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Con Houlihan: The land of ice has lost a lot of its fire

Some years ago the BBC put out a fascinating film about life in Norway in the ninth century. We saw a community of about 5,000 people preparing for a voyage from which they would not come back.

The men refurbished their boats and built new ones; the women prepared large quantities of salted meat and fish; the young men spent their time practising the martial arts with swords and spears and shields.

When the spring came, the good people of the community did not sow oats or barley or wheat, because they wouldn't be coming back. I thought they were setting out to the unknown western world, to the land that Christopher Columbus came upon several centuries later. That was wrong -- they were about to pay an unfriendly visit to Ireland.

About the same time another community also prepared for an expedition from which they wouldn't return. There was a difference: the young men did not practise the martial arts because the community was going to a land where there were no people and which no people wanted. It was a country not very far to the west and, from fishing expeditions, the Norse knew that it was almost uninhabitable.


They took with them as many sheep as they could and some ponies. They hoped that they had sufficient food to keep them until they could permanently establish themselves. Their early years were almost unendurable. The sea was often too stormy for fishing and there were times when people died of malnutrition and hunger.

Iceland is a strange country. Most of it is barren, or appears to be. The glaciers moved from north-west to south-east and left hardly any soil behind them. Heather grew there, and moss. Somehow the sheep and the ponies found enough grass to survive. There were times when the fishing was good and enough food could be stored to last the people over the bad periods.

Little villages grew up along the coast. The vast interior was uninhabited except by the sheep and the ponies.

My first visit to Iceland was about 25 years ago. Certain aspects came as a pleasant surprise. You expected that the capital, Reykjavik, would be a grey town. It is a lovely little city made up mostly of small houses painted in 40 shades of green and 40 shades of any colour you could imagine. For some of our expedition there was a rather different shock.

There were no pubs in Reykjavik, or in any part of the country except the airport. On our first afternoon there some of our pilgrims, mostly the younger men, were lost souls. It was pathetic to see them wandering along the hillside outside the capital: they were like otters in a land where all the streams had gone dry. They missed their Guinness, not to mention the Murphy's and the Beamish. You could buy spirits in the hotels at exorbitant prices, but this wasn't part of our culture. It was thought that the absence of pubs was due to a kind of puritan outlook and that the Icelanders were utterly opposed to the idea of drink, but that wasn't the way: the trouble was that they had a drink problem.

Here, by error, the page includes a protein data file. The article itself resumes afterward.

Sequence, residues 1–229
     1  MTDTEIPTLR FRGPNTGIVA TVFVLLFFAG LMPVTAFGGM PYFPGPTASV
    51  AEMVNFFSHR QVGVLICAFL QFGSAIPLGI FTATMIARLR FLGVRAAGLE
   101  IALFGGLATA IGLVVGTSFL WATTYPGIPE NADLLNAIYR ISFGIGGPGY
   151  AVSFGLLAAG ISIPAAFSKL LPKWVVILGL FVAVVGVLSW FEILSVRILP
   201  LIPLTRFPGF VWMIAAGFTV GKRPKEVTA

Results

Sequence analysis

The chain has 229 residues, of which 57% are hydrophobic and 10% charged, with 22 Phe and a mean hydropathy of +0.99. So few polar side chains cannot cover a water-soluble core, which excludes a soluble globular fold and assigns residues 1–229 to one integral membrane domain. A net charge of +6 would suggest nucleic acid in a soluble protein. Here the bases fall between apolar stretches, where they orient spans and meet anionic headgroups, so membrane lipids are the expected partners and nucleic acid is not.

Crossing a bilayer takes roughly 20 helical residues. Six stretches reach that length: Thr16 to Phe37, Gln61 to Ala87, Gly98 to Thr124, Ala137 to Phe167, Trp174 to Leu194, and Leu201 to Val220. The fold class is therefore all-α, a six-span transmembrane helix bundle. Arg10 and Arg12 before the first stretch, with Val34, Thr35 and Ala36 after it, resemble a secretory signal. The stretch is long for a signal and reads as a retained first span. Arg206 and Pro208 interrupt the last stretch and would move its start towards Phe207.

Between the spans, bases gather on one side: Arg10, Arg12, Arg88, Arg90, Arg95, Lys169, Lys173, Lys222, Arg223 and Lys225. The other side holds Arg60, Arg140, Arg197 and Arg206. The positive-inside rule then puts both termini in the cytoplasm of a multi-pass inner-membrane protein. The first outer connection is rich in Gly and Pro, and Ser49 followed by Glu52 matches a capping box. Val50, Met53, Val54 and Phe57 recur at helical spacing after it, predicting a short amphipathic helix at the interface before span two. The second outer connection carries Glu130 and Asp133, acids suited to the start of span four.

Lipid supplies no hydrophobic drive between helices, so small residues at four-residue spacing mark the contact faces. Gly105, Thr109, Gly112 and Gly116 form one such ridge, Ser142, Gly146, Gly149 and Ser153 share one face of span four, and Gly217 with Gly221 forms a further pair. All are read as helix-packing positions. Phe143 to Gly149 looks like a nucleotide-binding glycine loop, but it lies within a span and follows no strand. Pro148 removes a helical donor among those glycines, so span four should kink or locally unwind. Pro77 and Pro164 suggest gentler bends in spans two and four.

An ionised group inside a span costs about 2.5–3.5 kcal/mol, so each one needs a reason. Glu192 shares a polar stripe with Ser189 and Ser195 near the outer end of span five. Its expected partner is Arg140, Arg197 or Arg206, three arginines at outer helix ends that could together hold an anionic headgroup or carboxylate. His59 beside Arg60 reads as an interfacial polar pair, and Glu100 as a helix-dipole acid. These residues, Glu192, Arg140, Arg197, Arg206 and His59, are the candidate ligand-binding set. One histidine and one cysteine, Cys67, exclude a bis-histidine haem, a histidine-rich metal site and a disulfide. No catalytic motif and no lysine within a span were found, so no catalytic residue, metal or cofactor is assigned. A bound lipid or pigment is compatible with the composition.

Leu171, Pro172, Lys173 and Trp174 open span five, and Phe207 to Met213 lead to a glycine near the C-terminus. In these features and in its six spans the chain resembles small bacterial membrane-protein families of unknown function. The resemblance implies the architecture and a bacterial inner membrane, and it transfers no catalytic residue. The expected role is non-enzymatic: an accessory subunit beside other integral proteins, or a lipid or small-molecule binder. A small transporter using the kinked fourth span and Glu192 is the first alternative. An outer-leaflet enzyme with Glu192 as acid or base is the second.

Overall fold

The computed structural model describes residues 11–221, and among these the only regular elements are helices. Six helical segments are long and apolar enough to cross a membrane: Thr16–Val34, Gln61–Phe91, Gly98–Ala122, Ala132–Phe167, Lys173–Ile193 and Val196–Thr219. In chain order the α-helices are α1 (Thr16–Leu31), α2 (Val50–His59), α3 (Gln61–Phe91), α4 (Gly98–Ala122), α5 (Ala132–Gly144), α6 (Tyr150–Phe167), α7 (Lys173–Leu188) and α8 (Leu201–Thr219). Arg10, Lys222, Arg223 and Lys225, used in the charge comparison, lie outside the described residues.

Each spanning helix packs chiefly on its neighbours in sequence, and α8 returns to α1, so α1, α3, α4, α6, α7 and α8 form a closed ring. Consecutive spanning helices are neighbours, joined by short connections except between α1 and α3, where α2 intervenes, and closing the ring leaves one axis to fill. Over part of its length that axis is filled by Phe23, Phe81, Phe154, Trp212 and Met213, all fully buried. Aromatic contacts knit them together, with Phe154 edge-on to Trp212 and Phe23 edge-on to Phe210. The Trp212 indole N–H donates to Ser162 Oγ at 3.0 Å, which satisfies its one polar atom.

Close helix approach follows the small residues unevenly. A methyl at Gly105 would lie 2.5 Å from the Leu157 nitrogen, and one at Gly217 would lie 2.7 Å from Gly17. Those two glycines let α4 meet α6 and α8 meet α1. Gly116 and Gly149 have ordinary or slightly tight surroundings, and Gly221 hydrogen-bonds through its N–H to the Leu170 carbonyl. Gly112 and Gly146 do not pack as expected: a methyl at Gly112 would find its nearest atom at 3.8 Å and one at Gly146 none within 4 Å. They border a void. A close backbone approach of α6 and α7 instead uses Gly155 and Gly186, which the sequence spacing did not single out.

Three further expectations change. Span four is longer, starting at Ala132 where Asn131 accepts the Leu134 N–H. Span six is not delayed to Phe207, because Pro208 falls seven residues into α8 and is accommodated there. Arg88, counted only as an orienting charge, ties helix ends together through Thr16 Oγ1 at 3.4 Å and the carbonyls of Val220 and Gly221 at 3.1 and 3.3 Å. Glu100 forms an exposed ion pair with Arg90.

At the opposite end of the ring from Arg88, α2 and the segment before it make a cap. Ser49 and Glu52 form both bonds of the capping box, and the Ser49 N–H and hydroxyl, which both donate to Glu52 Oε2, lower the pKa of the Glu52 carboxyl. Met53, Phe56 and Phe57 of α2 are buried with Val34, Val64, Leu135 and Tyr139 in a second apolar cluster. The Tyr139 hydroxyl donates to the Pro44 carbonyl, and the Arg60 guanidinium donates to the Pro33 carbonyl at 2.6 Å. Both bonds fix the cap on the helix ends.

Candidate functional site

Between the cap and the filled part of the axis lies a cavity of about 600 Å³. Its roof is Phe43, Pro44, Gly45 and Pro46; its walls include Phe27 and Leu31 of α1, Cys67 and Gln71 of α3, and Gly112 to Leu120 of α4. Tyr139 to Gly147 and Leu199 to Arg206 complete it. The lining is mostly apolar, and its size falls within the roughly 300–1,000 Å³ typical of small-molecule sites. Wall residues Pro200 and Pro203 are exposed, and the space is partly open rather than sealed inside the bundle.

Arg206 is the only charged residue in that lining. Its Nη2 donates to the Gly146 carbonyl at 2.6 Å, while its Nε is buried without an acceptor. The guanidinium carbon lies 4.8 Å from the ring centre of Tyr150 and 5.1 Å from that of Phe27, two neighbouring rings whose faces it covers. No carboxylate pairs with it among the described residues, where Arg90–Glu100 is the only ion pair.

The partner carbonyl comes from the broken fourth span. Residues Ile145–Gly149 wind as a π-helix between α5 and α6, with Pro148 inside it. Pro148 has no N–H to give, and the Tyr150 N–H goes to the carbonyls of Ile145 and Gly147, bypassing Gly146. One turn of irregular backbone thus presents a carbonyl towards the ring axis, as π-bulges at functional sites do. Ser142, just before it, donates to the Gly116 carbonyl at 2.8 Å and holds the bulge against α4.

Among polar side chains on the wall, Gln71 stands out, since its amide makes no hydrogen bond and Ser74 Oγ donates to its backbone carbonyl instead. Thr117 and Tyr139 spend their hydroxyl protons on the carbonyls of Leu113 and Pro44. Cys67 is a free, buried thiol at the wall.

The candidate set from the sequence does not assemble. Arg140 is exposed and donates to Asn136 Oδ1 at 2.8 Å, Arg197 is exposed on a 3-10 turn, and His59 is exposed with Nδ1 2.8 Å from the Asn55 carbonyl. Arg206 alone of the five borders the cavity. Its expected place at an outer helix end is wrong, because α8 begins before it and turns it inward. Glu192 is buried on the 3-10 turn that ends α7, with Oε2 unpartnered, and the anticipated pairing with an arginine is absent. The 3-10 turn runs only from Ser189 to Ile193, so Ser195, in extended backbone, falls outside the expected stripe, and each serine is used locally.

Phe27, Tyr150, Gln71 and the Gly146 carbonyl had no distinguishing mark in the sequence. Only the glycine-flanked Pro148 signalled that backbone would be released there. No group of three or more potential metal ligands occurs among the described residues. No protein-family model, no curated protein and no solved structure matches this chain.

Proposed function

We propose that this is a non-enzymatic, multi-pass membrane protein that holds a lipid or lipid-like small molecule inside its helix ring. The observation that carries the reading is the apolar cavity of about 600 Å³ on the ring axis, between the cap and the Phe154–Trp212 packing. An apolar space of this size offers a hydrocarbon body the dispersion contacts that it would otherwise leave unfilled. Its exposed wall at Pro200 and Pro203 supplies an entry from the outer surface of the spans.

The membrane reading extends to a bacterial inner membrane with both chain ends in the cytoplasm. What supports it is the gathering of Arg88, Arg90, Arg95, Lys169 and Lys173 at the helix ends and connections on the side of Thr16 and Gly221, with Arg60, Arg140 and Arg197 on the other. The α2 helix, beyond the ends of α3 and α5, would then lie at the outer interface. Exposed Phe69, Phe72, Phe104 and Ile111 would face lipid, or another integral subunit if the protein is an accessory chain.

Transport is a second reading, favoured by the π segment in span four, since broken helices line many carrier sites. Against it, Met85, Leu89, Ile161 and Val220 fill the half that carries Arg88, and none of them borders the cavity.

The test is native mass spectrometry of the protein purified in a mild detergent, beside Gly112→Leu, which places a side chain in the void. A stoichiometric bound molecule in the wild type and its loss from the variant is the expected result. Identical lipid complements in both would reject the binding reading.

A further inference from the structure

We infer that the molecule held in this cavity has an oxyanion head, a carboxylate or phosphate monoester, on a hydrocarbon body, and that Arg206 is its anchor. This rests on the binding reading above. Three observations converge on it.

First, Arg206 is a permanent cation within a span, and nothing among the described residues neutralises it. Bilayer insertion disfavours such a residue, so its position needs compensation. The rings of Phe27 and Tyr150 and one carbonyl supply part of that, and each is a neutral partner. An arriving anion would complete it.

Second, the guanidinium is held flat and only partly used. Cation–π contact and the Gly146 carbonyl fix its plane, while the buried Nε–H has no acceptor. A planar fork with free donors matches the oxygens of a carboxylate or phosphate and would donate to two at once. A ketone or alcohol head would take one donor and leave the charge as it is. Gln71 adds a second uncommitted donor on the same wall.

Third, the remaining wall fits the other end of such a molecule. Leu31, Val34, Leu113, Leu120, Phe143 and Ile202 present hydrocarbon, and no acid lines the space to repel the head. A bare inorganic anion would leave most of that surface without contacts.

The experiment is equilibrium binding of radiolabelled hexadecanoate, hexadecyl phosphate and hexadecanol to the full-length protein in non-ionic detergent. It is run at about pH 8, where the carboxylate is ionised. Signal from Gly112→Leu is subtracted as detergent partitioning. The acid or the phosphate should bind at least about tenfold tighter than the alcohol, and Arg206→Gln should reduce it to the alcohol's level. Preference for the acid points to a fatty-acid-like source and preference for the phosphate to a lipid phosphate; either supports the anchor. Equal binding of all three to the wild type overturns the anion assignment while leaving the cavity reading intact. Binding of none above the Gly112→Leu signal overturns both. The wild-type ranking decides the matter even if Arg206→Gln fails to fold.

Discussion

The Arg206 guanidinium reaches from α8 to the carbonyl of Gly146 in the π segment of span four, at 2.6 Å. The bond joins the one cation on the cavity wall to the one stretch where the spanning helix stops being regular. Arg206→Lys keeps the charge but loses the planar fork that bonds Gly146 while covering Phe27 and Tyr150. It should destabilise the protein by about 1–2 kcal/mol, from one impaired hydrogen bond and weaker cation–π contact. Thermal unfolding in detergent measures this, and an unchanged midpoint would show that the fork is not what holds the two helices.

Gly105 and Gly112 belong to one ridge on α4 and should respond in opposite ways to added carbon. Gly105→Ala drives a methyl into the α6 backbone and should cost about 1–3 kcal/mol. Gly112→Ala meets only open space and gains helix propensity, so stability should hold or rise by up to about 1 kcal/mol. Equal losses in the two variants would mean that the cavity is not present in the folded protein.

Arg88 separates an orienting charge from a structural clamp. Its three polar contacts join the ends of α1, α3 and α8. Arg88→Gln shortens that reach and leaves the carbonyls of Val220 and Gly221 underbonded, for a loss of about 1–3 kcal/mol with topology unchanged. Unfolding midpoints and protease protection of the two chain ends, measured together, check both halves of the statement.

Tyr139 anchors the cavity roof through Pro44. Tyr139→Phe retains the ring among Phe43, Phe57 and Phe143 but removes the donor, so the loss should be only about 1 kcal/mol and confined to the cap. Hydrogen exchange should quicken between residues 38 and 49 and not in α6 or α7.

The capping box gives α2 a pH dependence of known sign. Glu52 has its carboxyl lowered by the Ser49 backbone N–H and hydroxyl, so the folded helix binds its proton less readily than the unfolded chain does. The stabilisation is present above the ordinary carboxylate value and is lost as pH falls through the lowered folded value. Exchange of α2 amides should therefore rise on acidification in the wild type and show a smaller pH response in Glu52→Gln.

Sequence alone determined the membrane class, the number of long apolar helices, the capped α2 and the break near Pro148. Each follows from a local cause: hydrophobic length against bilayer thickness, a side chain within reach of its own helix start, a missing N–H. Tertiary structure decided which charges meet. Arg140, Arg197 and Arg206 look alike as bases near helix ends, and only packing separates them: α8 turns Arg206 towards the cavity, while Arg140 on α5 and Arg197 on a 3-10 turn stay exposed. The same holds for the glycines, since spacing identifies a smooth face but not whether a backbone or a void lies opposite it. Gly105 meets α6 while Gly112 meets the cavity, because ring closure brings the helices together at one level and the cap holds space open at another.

Scandinavians can brew from boyhood and almost every family in Reykjavik has its own little private brewery, but that wasn't the real trouble. The trouble was the pulp left over after the brewing from which they distilled a wicked drink called Kevass. It was a drink that tended to make people crazy, or at least make them behave dangerously. The government had to do something, and about 20 years ago beer began to appear from licensed breweries. It is about the best beer in the world. It costs about twice the price of beer here in Ireland but a pint goes a long way in Iceland.

Believe it or not, these good, resourceful people export bananas: they are grown under glass or plastic or whatever in the south-east of the island where the glaciers left behind a deposit of rich earth.


The economy of Iceland had always been simple and sound: they export fish and mutton and, of course, bananas, and once they had no national debt of any account.

Iceland was an independent country. There was no unemployment and indeed, at the height of the fish-curing season they have to depend on bringing in hundreds of women from Hull and Grimsby and other fishing towns in the north-east of England. Because life is quiet there and democracy is very much part of their philosophy, we heard little about them until two years ago.

Then something amazing happened: business corporations and local bodies invested in Iceland in a huge way. Some people may have thought that they were about to discover oil there or minerals. The reason was simple: Icelander Bank was offering interest well above the international average. The British and Dutch investments came to about d30bn. Something went hopelessly wrong. Seemingly that money was badly invested by the Icelander Bank and the country is now more than d30bn in debt. Will they pay it back? Can they pay it back? The question is going to a referendum. All the citizens may have to dig deep in their pockets. It is amazing that these good people are in such a quandary.

Is there a comparison with the Republic? Perhaps there is. If the Icelanders vote No against repaying the Dutch and the British, what will happen? That is the f30bn question.

Fogra: Warmest congratulations go to John O'Shea and GOAL and all the other Irish aid agencies for their response to the catastrophe in Port-au-Prince, Haiti